|Photos||Video & Audio||Blogs||Statistics||Archive||Shop||Mobile|
Rahul Dravid needs runs, and India need his runs
October 13, 2007
If one week is a long time in politics, five matches against Australia, when you're struggling, can seem like an eternity. Only for the second time in his twelve years as an India cricketer, and for the first time since 1997, Rahul Dravid must be feeling the pressure of not scoring runs. Since he relinquished the captaincy, Dravid has made 31, 0, 13 and 0, and for the first time in recent memory he runs the risk of going through an one-day series without leaving an impression.
That said, if he had to handpick a venue to break a run drought, Dravid probably couldn't do better than Nagpur. In the five ODIs he has played at the Vidarbha Cricket Association Stadium, his lowest score is 51. He averages 128.33, with four fifties and a hundred; of his three dismissals two were run outs. In short, he's never failed on this ground in a limited-overs match. But in a strange way, this may only put pressure on Dravid, rather than easing his worries. Pressure does that to the best of people, and Dravid, though mentally as tough as anyone in world cricket, can not be immune.
The Australians are masters of keeping a man down once they've got him there, and there has been no let up for Dravid in this series. In the second match Dravid spent 48 balls at the crease before a freakishly good catch by Mitchell Johnson right on the ropes cut short his innings. In the third game Matthew Hayden at slip kept his eyes on a catch despite Adam Gilchrist diving across him. In the next game Nathan Bracken landed a yorker right on the money as Dravid tried to run the ball down to third-man. And finally, in Vadodara Brett Lee sent down a yorker first ball that even an in-form Dravid might not have escaped.
|Just like it takes time for someone to get used to handling himself on the field when he's appointed captain, it's bound to take time for someone to get used to not being captain|
It's hard to pin-point exactly what's wrong, and experts from Gundappa Viswanath to Vijay Bharadwaj have said there's nothing wrong with Dravid's technique per se. But failure creates its own pressure, and with younger players knocking on the door, the the pressure is mounting on the selectors too. It's one thing to say Dravid has found different ways of getting out, and that he has not been scratching around or struggling while at the crease. At some point, though, the lack of runs will catch up.
In the last nine games Dravid has only 73 runs at 9.12. But only two games before this period he made a sublime unbeaten 92 against England at Bristol, batting with control and fluency to win the Man-of-the-Match award despite the fact that Tendulkar made seven runs more. In the next match Dravid once again looked in great nick, but was dismissed after making a half-century.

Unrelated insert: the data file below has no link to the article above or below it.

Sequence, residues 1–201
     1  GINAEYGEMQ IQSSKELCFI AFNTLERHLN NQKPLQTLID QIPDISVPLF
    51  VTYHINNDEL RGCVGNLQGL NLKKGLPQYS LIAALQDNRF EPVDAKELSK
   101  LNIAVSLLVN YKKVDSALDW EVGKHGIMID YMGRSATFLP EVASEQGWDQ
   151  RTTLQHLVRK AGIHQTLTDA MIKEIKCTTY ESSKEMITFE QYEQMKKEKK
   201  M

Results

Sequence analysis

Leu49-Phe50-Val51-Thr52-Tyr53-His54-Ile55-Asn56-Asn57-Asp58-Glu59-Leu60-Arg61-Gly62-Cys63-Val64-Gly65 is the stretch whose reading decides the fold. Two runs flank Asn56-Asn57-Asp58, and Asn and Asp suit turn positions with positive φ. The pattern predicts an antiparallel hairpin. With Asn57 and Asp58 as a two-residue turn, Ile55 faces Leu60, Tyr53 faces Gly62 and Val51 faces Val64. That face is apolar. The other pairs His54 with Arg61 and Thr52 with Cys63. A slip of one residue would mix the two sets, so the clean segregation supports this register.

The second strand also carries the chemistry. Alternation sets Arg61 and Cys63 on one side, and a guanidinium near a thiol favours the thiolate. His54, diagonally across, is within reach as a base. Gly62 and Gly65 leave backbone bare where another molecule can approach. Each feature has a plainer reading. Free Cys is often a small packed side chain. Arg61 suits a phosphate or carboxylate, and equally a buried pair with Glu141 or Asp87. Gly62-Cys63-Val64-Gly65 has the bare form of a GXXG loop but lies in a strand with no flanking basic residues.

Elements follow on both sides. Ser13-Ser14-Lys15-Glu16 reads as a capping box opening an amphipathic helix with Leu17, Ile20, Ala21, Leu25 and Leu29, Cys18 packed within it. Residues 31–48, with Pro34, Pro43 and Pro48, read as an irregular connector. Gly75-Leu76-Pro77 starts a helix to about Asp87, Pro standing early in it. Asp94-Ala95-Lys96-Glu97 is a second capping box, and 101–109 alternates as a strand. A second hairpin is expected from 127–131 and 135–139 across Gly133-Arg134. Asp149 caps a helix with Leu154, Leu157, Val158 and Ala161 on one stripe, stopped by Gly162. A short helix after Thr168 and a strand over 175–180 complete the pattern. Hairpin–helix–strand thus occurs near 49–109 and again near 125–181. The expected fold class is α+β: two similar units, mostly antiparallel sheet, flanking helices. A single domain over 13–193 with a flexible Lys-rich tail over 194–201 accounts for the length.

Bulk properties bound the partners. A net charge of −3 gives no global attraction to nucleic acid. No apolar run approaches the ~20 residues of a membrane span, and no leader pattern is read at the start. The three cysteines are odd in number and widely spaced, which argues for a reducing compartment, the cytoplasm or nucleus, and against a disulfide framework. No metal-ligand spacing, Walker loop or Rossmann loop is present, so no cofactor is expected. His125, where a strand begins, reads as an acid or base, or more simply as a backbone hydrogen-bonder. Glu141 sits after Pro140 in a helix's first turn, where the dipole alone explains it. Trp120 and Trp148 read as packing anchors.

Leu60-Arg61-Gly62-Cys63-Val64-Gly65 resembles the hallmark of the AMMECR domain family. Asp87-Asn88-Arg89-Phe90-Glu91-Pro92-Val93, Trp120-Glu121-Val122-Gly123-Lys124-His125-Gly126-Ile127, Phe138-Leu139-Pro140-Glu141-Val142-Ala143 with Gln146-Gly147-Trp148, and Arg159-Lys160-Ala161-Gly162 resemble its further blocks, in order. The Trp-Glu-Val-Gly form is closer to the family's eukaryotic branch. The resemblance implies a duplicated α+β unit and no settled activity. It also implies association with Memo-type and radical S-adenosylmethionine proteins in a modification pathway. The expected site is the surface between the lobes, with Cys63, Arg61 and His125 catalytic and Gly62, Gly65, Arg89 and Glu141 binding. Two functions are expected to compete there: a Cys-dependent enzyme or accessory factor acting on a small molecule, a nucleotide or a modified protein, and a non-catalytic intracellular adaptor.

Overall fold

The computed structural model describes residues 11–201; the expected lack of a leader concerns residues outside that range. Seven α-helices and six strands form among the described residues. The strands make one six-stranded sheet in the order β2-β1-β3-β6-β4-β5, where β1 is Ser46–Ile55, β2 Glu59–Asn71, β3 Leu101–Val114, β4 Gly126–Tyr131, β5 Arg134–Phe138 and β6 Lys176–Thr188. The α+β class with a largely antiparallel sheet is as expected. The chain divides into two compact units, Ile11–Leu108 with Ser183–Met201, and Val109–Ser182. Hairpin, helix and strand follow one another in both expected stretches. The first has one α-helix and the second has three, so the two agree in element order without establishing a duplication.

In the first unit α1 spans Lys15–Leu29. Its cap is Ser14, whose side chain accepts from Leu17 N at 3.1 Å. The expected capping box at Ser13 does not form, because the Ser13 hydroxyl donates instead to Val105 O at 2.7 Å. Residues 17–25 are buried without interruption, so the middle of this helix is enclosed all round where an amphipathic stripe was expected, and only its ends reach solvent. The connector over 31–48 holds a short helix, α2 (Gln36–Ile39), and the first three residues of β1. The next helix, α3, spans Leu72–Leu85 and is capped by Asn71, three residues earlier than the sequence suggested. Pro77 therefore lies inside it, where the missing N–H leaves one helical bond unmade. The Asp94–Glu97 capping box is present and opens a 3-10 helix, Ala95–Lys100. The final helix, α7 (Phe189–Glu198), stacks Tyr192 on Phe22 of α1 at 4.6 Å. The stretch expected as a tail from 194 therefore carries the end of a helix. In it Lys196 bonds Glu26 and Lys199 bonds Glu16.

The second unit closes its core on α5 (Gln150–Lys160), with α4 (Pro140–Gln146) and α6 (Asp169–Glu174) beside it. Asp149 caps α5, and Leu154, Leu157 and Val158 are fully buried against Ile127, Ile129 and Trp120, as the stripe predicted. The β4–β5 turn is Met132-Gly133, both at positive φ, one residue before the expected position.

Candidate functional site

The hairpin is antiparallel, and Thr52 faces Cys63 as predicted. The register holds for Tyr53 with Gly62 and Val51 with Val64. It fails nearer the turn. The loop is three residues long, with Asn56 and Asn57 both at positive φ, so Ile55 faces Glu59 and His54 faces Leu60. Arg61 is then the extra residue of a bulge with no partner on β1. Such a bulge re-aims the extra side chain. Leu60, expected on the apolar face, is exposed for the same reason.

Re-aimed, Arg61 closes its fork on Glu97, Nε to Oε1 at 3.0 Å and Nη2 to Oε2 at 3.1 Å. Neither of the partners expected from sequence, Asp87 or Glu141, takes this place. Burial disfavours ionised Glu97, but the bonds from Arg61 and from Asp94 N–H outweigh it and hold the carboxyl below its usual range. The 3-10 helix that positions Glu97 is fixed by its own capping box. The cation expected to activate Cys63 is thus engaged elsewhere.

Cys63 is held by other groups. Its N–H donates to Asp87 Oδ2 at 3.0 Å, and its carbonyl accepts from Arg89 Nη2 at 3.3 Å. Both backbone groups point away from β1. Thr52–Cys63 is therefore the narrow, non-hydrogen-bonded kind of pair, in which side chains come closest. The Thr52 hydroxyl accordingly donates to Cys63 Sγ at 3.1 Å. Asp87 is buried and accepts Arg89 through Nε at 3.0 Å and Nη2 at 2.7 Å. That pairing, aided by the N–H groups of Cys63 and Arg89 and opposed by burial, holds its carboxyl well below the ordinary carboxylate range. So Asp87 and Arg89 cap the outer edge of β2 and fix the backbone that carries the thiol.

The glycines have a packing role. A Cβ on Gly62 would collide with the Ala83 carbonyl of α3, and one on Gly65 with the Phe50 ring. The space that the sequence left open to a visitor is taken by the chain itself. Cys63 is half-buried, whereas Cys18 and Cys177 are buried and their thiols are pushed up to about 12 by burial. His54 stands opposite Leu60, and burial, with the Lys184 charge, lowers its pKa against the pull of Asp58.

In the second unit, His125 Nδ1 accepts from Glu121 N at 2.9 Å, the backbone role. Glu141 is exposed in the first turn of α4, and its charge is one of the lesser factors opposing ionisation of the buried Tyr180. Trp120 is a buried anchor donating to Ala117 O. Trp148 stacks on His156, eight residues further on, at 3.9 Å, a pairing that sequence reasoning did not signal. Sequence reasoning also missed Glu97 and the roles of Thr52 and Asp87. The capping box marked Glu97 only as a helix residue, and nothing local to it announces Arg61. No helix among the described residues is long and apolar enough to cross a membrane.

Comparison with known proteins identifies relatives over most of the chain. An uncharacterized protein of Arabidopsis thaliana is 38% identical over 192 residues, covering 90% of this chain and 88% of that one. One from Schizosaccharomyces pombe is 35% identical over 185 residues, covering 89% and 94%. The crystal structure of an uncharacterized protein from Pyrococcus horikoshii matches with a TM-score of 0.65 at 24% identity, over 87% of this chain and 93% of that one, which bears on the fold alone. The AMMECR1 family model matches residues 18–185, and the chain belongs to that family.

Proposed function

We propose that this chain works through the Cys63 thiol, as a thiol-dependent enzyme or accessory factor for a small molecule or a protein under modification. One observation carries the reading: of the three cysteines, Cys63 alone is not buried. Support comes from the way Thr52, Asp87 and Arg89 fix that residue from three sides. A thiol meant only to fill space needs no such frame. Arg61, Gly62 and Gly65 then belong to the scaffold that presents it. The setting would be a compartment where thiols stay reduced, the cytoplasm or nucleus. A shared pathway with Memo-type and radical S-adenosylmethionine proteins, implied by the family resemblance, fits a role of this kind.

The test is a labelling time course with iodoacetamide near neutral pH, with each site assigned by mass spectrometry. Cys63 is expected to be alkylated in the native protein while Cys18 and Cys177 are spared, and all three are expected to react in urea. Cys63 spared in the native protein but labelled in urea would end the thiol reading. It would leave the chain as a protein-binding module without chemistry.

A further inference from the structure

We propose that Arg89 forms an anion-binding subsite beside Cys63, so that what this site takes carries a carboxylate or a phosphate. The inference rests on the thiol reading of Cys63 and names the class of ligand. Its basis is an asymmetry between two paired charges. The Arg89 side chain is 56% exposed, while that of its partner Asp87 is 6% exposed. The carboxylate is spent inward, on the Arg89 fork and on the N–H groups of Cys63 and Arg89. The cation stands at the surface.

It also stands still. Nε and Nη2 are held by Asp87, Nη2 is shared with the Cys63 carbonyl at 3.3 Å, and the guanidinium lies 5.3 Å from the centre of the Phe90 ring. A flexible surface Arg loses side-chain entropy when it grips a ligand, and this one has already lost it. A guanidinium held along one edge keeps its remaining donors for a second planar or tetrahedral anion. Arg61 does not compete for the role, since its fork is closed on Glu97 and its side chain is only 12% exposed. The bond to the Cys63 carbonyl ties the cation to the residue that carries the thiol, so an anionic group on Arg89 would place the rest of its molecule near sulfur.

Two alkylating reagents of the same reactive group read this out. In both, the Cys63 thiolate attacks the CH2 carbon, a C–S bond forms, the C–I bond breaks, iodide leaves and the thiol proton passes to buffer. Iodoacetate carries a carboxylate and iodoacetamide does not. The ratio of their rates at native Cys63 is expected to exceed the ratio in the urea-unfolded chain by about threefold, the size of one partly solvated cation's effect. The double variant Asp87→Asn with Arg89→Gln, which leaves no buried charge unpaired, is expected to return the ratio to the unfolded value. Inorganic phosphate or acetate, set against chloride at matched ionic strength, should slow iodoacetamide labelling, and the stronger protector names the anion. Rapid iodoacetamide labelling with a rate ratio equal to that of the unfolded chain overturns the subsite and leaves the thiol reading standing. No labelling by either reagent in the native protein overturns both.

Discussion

If anything, Dravid's runs have tapered off in Tests rather than ODIs recently. Since January 2006 he has averaged 36.91, less than three points below his career numbers. In Tests, he averages more than 50 in the same period, with a similar dip from career scores. The worry, however, is that in the last two major Test series - against England and South Africa - he made just one half-century, and it's speculated that this was what caused Dravid to give up the captaincy to concentrate on batting.
Reading into things like body language is dangerous at the best of times, but Dravid has just not looked with it this series. Just like it takes time for someone to get used to handling himself on the field when he's appointed captain, it's bound to take time for someone to get used to not being captain. There has been more than one instance when Dravid has started to run across towards a bowler and checked himself.
For India, though, it's important that Dravid does well in one role. He tended to favour batting in the lower order towards the end of his captaincy, allowing the juniors to bat around him. Now that he's not captain, he doesn't quite have that luxury, and has to play where required. In a recent press conference Mahendra Singh Dhoni suggested that the best place for Dravid to bat was at No. 3. Was he worried about Dravid's form? No comments, came the retort. But the broad smile betrayed no worry.
But Dravid would be worried, for he is a natural worrier. He won't need any reminding that he only averages only 25.44 in 41 ODIs against the world champions; he knows his numbers. He won't be calmed by all the explanations in the world. He needs runs, and India need his runs.
Ishant Sharma has often been the butt of jokes, and sometimes deservedly so. Today, however, the joke was on England
The leave outside off stump has been critical to M Vijay's success since his India comeback last year. Contrary to popular opinion, such patience and self-denial comes naturally to him
They have to see a glass that is half-full, and play the game as if it is just that, a game; and an opportunity
Only 15 times in Test history has a player achieved the double of 300 runs and 20 wickets in a Test series. Going on current form, Bhuvneshwar could well be the 16th
In India's win at Lord's, Ishant Sharma took the best bowling figures by an Indian in the fourth innings of a Test outside Asia. Here are five other best bowling efforts by Indians in the fourth innings of Tests outside Asia
India's wretched run away from home began at Lord's in 2011. A young team full of self-belief may have brought it to an end with their victory at the same venue three years later
What's wrong with their cricket? Well, what isn't?
Why not you? Read and learn how!